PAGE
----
The c-src proto-oncogene encodes a protein tyrosine kinase. The v-src oncogene of the Rous sarcoma virus encodes a mutated, activated form of this enzyme. In particular, the virally encoded V-SRC protein lacks the carboxyl-terminus of the normal C-SRC protein. Phosphopeptide mapping and site-directed mutagenesis revealed the importance of two tyrosine (TYR) residues that are critical for the activity and regulation of C-SRC, TYR416 and TYR527. Insertional mutagenesis and comparisons with other proteins revealed the presence of three highly conserved SRC Homology domains, SH1, SH2, and SH3.
comprises the catalytic protein kinase. Within SH1 is which hinders access to the active site. Phosphorylation of TYR416 induces a conformational change that is required for full kinase activity (see below). In contrast, when , which lies carboxy-terminal to the SH1 domain is phosphorylated, the kinase is inactive. SH2 domains were shown to bind to peptides containing phosphotyrosine. In particular, the domain of C-SRC binds to phospho-TYR527. Although this binding is reversible, the bound state predominates. This bound state prevents the kinase from phosphorylating substrates. Therefore, phosphorylation of TYR527 greatly diminishes autophosphorylation of TYR416. In this regard, the phosphorylation of TYR527 by another protein kinase (CSK) results in the inactivation of C-SRC. Conversely, removal of TYR527 by truncation (as in V-SRC) or by substitution with PHE (by site-directed mutagenesis) causes constitutive activation of the kinase. Similarly, the physiological dephosphorylation of TYR527 results in an of the protein structure by release of the SH2 domain. The loop which contains TYR416 and occludes the active site of the SH1 kinase domain is first autophosphorylated. phospho-TYR416 then alters the conformation of this loop, resulting in a dramatic increase in protein kinase activity. SH3 domains were shown to bind to peptides with multiple adjacent proline residues. The domain of C-SRC binds to the SH2 domain of C-SRC, thereby helping to stabilize the conformation of the entire protein. The SH2 domain of C-SRC can bind to phospho-TYR on other proteins (e.g. an activated receptor tyrosine kinase like PDGF-R), thereby opening the C-SRC protein conformation, exposing phospho-TYR527 to protein phosphatases, and resulting in activation of C-SRC. In some cases interactions of the SH3 domain with other proteins can also facilitate this activation process.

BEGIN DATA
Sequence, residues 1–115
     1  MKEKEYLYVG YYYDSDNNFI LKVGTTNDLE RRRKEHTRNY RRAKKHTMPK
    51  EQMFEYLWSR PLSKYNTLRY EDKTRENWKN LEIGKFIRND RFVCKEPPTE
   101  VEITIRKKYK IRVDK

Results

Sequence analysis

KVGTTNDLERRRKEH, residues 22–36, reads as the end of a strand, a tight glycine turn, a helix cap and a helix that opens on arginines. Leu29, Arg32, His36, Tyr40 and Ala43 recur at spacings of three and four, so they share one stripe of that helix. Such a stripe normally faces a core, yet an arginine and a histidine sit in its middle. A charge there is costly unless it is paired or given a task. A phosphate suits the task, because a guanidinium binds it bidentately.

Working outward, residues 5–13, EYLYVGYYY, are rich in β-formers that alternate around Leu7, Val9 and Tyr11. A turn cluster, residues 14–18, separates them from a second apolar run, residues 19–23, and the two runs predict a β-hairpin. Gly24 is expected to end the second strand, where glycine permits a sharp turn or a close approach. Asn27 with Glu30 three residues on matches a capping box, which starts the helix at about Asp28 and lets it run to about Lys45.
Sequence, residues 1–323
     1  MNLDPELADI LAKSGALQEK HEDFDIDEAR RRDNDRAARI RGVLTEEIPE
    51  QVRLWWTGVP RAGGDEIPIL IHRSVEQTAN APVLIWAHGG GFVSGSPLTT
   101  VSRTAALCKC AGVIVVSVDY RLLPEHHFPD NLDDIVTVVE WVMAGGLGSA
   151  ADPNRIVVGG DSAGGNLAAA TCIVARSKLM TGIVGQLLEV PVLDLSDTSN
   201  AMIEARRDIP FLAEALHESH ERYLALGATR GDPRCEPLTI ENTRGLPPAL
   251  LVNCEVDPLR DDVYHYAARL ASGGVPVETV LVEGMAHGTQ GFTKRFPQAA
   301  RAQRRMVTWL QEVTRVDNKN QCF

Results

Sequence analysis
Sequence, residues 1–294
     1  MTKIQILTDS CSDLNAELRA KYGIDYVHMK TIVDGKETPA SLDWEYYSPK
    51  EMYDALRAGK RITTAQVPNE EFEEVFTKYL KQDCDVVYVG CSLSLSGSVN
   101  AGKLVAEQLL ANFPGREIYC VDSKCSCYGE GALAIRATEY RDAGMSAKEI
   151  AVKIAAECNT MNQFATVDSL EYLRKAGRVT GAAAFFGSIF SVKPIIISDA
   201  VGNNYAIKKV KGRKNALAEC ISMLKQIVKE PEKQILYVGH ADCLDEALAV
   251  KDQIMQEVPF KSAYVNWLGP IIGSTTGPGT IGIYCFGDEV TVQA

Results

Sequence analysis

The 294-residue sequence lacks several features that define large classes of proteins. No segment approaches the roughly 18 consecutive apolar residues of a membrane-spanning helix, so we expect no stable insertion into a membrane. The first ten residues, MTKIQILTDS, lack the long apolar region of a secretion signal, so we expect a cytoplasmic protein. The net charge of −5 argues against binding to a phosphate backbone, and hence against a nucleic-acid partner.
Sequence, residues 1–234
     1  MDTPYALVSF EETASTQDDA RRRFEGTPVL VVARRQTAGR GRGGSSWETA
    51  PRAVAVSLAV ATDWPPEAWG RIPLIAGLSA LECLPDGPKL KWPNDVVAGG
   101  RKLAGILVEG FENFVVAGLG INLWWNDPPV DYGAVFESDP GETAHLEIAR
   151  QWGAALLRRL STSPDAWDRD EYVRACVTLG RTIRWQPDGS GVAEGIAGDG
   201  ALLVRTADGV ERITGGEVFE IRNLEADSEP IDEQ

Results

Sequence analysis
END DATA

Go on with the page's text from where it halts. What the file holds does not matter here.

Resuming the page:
from PDB 2src
from PDB 1y57
Notes: The INACTIVE C-SRC structure was solved with a non-hydrolyzable ATP analog [Xu W, et al. Molec Cell 3: 629-38 (1999)]. The ACTIVED C-SRC structure was solved with an inhibitor that alters the conformation of the kinase activation loop even in the absence of phosphorylation of TYR416 [Cowan-Jacob SW, et al. Structure 13: 861-71 (2005)]. These INACTIVE and ACTIVATED C-SRC structures are displayed in similar orientations relative to the kinase (SH1) domain to facilitate your understanding of the mechanism of activation. However, an additional amino-terminal domain (SH4) not shown in either structure tethers the protein to the inner plasma membrane via hydrophobic fatty acid chains (myristate and palmitate) that are covalently bound near the amino terminus of C-SRC. This membrane tethering likely provides a fixed attachment point which the remainder of the protein rolls up towards or opens away from during activation.
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Regulatory Domains and Residues: